The area of the hypothalamus where the portal vessels arise, and neurons from the hypothalamus secrete signals is called what?

The median eminence

40

What is the adenohypophysis? neurohypophysis?

Adenohypophysis = Anterior pituitary
Neurohypophysis = posterior

41

What are the two nuclei that have their axons descend into the posterior pituitary?

Supraoptic and paraventricular nuclei

42

What is the hypothalamic-hypophysial tract?

Axon tracts of the paraventricular and supraoptic nuclei

43

Where are oxytocin and ADH synthesized? Released?

Synthesized by neurons in the hypothalamus, sent down hypothalamic-hypophysial tract, and released from the posterior pituitary

44

What is the Pars Intermedia?

Tissue between the anterior and posterior lobe. Poorly developed in humans

45

What is the connecting vessel between the hypothalamus and the anterior pituitary?

The primary plexus

46

How does the hypothalamus signal the anterior pituitary to release hormones?

Secretes various peptide inhibiting/releasing factors

47

What is the hormone the hypothalamus releases to signal the release of thyroid hormone from the anterior pituitary?

Thyrotropin releasing hormone

48

What is the hormone the hypothalamus releases to signal the release of ACTH from the anterior pituitary?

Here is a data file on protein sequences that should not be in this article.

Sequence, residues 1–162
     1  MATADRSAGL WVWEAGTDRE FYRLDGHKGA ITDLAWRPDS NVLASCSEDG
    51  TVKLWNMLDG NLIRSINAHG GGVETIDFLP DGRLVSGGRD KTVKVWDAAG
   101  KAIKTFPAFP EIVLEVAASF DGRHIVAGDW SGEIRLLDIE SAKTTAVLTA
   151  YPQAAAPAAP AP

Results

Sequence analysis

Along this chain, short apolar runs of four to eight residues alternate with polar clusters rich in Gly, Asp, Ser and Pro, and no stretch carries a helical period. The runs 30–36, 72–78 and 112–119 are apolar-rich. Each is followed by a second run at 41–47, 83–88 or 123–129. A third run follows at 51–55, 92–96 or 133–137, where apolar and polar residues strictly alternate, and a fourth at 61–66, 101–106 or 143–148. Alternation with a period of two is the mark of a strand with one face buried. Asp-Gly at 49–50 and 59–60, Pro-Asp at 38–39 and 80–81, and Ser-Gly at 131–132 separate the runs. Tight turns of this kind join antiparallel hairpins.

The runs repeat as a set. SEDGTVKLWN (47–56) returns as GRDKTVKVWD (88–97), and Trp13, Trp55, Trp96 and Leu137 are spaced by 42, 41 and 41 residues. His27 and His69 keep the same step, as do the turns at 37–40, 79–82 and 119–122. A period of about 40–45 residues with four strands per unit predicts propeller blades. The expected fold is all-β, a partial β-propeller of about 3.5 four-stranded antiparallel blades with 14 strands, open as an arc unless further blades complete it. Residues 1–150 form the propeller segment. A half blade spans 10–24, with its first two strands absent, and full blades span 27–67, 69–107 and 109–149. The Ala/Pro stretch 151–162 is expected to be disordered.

corticotropin-releasing hormone (CRH/ ACTH)

49

What is the hormone the hypothalamus releases to signal the release of FSH/LH from the anterior pituitary?

Gonadotropin-releasing hormone

50

What is the hormone the hypothalamus releases to signal the release of growth hormone from the anterior pituitary?

GHRH

51

What is the hormone the hypothalamus releases to inhibit the release of growth hormone from the anterior pituitary?

growth hormone-inhibiting hormone (somatostatin)

52

What is the hormone the hypothalamus releases to inhibit the release of prolactin from the anterior pituitary?

prolactin-inhibiting factor (dopamine)

53

What does ACTH do?

Causes secretion of corticoids from the adrenal glands

54

What does GH do?

Causes the secretion of somatomedins from the liver

55

What does TSH do?

Stimulates thyroxine from the thyroid

56

What does FSH do?

Stimulate estrogen release from the ovaries

57

What does LH do?

Stimulates ovary stuff

58

What does prolactin do? What type of hormone is it (steroid, peptide, protein etc)

Stimulates milk production from the breasts. It is a steroid hormone

59

What are the cells of the anterior pituitary that release GH?

Somatotrophs

60

What are the cells of the anterior pituitary that release prolactin?

Lactotrophs

61

What are the cells of the anterior pituitary that release Thyrotropin?

Thyrotrophs

62

What are the cells of the anterior pituitary that release LH?

Gonadotrophs

63